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NEW YORK WIPES OUT LUNACY COMMISSIONS
THOMAS C. DESMOND
Am J Psychiatry 1939;96:205-211.
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Chairman, New York State Senate Committee on Affairs of Cities.

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Abstract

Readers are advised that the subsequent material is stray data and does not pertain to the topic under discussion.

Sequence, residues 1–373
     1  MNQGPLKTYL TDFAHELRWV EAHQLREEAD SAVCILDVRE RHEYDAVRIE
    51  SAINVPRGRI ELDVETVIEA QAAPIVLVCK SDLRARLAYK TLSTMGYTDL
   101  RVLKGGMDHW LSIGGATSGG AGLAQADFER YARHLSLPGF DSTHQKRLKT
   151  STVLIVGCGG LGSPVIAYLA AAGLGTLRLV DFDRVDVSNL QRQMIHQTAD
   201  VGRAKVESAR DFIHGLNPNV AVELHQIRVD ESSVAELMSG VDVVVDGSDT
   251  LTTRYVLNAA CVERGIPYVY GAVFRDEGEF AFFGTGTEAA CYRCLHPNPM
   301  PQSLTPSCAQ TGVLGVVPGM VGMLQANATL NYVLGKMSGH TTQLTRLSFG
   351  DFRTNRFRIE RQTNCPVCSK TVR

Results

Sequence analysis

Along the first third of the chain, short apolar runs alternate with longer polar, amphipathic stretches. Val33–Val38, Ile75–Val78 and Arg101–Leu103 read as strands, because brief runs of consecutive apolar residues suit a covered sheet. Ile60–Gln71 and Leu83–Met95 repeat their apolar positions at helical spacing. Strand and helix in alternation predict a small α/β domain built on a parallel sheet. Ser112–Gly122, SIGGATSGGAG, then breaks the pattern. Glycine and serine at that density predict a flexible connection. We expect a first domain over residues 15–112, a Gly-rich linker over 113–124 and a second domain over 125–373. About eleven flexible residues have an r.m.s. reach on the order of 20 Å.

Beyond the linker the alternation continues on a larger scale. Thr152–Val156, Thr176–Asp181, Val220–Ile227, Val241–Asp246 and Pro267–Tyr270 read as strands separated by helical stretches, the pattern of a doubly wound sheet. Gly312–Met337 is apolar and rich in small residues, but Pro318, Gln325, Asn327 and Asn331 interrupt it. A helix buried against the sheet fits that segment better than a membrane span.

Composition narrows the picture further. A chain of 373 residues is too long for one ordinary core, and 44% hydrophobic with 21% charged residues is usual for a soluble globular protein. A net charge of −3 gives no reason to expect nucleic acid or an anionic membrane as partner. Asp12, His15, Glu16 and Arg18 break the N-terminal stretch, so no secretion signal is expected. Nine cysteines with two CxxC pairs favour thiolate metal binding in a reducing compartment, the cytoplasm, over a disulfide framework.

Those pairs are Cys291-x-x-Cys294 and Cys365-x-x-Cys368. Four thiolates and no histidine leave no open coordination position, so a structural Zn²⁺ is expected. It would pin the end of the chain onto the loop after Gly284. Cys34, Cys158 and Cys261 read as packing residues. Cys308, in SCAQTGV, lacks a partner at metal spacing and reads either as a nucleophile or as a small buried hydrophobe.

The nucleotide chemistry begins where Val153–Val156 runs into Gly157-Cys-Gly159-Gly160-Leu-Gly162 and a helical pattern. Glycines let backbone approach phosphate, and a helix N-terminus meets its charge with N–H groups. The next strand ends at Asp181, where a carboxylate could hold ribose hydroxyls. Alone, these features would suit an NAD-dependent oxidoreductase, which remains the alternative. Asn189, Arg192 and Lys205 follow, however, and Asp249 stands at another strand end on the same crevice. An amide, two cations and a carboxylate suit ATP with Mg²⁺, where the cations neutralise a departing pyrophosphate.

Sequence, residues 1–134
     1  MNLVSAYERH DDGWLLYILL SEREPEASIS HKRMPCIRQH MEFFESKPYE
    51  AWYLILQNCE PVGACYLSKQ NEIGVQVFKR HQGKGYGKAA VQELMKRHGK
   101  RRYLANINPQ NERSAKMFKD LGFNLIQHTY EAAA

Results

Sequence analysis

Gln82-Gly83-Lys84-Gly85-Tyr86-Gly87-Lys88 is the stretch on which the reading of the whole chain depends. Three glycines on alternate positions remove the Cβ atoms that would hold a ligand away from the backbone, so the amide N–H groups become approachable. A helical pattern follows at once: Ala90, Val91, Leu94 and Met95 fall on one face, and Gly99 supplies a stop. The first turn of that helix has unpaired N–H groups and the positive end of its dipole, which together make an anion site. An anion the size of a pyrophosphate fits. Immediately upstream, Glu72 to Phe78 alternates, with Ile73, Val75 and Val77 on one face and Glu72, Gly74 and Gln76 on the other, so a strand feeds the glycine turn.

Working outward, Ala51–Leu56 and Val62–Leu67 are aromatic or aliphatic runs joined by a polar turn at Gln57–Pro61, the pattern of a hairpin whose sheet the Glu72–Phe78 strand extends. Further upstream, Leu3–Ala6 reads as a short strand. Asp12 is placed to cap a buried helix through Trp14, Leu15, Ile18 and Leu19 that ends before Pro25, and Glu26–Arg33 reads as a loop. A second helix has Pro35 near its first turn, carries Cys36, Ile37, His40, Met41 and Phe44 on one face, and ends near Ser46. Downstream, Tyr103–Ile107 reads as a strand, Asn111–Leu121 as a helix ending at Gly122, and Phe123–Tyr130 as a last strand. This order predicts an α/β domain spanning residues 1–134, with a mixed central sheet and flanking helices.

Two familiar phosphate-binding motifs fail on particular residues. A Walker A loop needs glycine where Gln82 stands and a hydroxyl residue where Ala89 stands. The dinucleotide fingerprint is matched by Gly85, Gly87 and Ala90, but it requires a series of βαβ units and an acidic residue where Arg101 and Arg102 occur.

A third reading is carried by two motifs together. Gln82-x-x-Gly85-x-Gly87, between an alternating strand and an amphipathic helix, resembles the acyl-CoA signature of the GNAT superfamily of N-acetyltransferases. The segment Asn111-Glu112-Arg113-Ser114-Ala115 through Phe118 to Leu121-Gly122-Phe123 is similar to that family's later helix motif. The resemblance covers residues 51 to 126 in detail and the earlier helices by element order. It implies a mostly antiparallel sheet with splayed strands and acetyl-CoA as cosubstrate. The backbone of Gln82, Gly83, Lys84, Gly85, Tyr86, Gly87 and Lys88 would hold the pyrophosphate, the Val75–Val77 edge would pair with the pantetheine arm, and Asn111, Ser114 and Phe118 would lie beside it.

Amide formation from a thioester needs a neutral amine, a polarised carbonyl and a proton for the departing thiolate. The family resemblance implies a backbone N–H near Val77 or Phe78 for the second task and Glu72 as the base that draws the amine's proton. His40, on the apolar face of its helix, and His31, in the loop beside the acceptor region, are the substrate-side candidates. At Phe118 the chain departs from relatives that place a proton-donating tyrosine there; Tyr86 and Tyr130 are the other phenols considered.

Of tremendous assistance in the difficult campaign of serving adoption of this reform measure were the New York Psychiatric Society; New York Neurological Society; New York State mental hygiene commissioner, Dr. William J. Tiffany; and his predecessor in that office, Dr. Frederic W. Parsons; Mr. Lawrence Veiller, president of the Citizens' Crime Commission of New York State; Miss Elsie M. Bond, assistant secretary of the State Charities' Aid Association, and newspapers throughout the state.The social aim of this type of legislation is to assure a scientifically accurate examination of sanity in the most expeditious manner at the least cost to the taxpayer. The new statute attempts to meet this standard in every respect.Although it does not solve numerous complex problems relating to psychiatry and criminal law, the new Desmond law does mark a tremendous step forward. To the public, the new statute is important because it smashes the lunacy commission "racket," removing a huge source of political patronage, and cutting the cost of sanity examinations. To the accused, the new law assures a scientific procedure for it turns over to psychiatrists the medical problem of determining sanity at time of trial. To the psychiatrist, it means an opportunity to determine the sanity of defendants unhampered by political appointees, lawyers and laymen—an opportunity to serve the public more efficiently and more effectively.

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